Schweitzer, Weiner, Lowenstam, and a T-rex named Sue:
You have probably heard about the recent discovery that scientist Mary Schweitzer made: soft tissue preserved inside a dinosaur bone. It was interesting to see the media frenzy that occurred - just about every major source carried the story. The trigger, of course, being the Jurassic Park aspects of it all: after de-mineralizing a 68 million year old T. rex bone, Dr. Schweitzer found pliable material, some tubular, with dark red to brown spheres enclosed. Both the pliable tube walls and the spheres had smaller, darker central portions. The immediate interpretation by the media was veins and red blood cells with nuclei, and of course from there it was a quick jump to dino-DNA.
There are some parts to the March 25 Science article ("Soft-Tissue Vessels and Cellular Preservation in Tyrannosaurus rex," Mary H. Schweitzer, Jennifer L. Wittmeyer, John R. Horner, and Jan K. Toporski Science 307: 1952-1955; doi 10.1126/science.1108397; abstract) that the media did not choose to follow, but which I found interesting. Perhaps you will too.
My first question was 'what did her team de-mineralize the fossils with?' It turns out they used 0.5 M ethylenediaminetetraacetic acid, more commonly known as EDTA. I laughed, since EDTA is used as a food preservative, metal sequestrant and stabilizer in a lot of things we eat - check out the ingredients for many MacDonald's items (and since EDTA is used to chelate metals, it is often used in canning, as well as a poisoning antidote, and there is active debate about EDTA chelation therapy - but that's a whole 'nother subject...). In any case, it's currently thought to be safe to eat, and at the concentrations used in foods, it will not de-mineralize your bones and turn you into a quivering blob of collagen.
The next piece that the media did not pursue was the link to the T. rex nicknamed "Sue," the most complete T. rex ever found (~90% complete). Dr. Schweitzer's team used the same technique on specimens from several dinosaur fossils, including pieces of "Sue," to try and duplicate their results from the T. rex dug up in 2003 (and lo and behold, pliable material was found in the others, too! There were some really nasty lawsuits over the ownership of "Sue," and the fossil ended up on the auction block. The science of paleontology was at risk of losing this valuable find to a private collector, but luckily McDonald's, Disney, the Cal State system and several private individuals put up over 7 million dollars, and "Sue" ended up at the Field Museum of Natural History in Chicago as specimen FMNH-PR-2081).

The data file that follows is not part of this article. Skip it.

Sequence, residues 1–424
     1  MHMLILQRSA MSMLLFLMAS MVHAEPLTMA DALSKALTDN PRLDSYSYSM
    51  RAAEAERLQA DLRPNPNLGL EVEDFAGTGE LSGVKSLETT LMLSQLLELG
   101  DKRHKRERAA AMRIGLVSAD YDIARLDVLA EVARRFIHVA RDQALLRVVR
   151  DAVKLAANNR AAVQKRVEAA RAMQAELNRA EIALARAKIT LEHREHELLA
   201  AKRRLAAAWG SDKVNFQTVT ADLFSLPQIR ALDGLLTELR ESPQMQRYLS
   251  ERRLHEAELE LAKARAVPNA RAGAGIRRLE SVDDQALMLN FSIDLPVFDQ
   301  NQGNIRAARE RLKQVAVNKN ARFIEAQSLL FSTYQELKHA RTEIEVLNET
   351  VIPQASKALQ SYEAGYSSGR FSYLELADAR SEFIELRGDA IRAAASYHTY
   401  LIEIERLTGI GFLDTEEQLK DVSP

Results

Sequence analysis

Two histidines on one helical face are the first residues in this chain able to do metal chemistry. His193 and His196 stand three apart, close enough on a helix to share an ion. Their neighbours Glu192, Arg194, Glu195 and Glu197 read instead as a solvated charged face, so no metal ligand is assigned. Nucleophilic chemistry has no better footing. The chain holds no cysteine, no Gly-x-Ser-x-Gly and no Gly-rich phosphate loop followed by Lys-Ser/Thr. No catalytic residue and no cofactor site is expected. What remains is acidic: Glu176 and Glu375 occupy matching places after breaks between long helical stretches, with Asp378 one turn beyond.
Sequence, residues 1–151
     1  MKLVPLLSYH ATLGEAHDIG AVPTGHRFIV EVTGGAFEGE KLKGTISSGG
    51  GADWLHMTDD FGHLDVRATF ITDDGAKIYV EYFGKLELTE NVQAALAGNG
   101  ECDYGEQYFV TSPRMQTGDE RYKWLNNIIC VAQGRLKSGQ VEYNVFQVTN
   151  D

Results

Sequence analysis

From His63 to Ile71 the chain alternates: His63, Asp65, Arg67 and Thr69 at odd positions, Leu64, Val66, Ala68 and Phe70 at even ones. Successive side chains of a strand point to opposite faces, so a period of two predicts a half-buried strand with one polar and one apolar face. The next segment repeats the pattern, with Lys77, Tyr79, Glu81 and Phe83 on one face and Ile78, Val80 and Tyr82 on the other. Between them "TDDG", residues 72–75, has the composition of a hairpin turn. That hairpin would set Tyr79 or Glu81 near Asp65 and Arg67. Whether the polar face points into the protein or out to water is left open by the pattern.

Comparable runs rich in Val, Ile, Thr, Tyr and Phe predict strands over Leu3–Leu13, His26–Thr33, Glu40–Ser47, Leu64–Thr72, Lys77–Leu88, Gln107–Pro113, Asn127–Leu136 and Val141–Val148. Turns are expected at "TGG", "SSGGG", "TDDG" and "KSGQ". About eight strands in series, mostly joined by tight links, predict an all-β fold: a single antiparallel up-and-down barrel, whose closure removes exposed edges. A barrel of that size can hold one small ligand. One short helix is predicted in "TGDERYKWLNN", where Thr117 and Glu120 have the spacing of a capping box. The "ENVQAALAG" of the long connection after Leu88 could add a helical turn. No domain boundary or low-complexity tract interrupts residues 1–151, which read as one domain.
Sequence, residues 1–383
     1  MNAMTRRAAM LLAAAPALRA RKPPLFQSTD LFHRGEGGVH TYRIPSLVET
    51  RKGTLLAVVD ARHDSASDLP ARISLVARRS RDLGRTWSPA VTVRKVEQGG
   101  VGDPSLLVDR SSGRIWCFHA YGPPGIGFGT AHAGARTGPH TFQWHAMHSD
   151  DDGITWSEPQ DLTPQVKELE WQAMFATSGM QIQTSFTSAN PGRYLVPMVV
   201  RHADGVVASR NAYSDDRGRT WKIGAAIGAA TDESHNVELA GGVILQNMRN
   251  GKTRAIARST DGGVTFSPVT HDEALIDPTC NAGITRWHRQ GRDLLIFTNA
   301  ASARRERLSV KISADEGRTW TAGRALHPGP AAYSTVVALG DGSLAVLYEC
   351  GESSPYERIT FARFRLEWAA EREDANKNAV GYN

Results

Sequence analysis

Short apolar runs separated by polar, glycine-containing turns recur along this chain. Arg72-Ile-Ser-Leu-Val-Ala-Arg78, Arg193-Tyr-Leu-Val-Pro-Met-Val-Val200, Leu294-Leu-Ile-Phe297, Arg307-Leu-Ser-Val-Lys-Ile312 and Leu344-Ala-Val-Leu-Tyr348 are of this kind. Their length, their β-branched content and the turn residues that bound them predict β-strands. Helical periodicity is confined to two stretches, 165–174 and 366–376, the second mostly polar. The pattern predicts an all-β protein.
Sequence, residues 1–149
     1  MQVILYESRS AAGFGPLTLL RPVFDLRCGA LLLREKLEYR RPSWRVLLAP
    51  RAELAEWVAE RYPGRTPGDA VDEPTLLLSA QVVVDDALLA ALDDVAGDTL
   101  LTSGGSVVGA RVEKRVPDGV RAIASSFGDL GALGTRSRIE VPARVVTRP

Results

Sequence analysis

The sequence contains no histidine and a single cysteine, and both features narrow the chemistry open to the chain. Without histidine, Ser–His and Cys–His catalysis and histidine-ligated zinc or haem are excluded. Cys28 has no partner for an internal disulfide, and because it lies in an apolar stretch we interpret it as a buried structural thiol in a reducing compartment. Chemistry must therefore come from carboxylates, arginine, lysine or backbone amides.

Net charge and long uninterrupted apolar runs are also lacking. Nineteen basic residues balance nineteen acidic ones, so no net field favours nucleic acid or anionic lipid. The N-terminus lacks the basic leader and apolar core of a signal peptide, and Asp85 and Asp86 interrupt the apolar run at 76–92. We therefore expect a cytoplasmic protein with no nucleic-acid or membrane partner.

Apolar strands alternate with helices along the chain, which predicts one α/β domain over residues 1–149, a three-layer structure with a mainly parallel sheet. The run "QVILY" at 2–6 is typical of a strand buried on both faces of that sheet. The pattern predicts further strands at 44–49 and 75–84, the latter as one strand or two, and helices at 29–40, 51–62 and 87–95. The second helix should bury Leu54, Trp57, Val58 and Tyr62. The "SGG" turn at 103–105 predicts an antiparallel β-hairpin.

I thought the pictures that the media chose to use were odd, because they didn't show off the part of the story that they emphasized in their text. Here is the picture I saw used in almost all of the media (used w/ permission of Science):
MOR-1125 endosteal tissue
Here the arrows indicate the flexible, fibrous, even 'stretchy' material left after de-mineralization - sure, it looks like a piece of meat with gristle, but the media's main focus was the blood cells and the nuclei, and these photos certainly don't show those.
So here is a set of four pictures, also used with permission from Science, that illustrate how startlingly good the preservation is in these samples, and that you probably did not see in the paper or on TV. Schweitzer was particularly careful to avoid calling these things 'capillaries,' 'nuclei,' 'organelles,' or even 'cells.' And I will be too. More on that later.
1) This is a shot of an area about 2 mm across, showing the structure of the interior of the femur on the T. rex MOR-555, from the Museum of the Rockies, also known as the "Wankel rex" after its discoverer. I don't know how often you dine on meat with the bone in it, and if you ever pick at marrow within that, but this texture is absolutely identifiable as bone interior:
Wankel endosteal bone surface
2) This is a photomicrograph of the Wankel rex again, showing tubular structures about 50 micrometers across, with the enclosed darker spheres. I'd love to have a medical student look at this without knowing what it was, just to hear what they said:
3) This is a shot of a piece from "Sue," showing the same type of micro-structures:
Note that you can see darker centres to some of the red spheres in both of the above photomicrographs.
4) Here is a shot of a microstructure from the 2003 juvenile T. rex, MOR-1125, which shows internal structure, as well as thin extensions protruding from the main body:
This looks very much like an osteoblast or osteocyte, or a bone-producing cell, from any modern animal. The extensions are known as filipodia and they fit into thin channels called canaliculi that allow the cells to pass information and nutrients through the dense calcium phosphate (apatite) bone matrix (here is a slide showing osteocytes in place from a fossil theropod's toe!). While osteocytes have been seen before in fossils, we had never seen internal structure. The microstructures inside the 'osteocyte' in the picture above are interpreted as the remnants of cellular organelles. Schweitzer's team also found microstructures in the other two T. rexes and the hadrosaur Brachylophosaurus MOR-794 that looked very much like osteocytes. Immunoassay tests done against the materials from the first T. rex, MOR-1125, indicate that proteins from the original bone are highly likely to be present.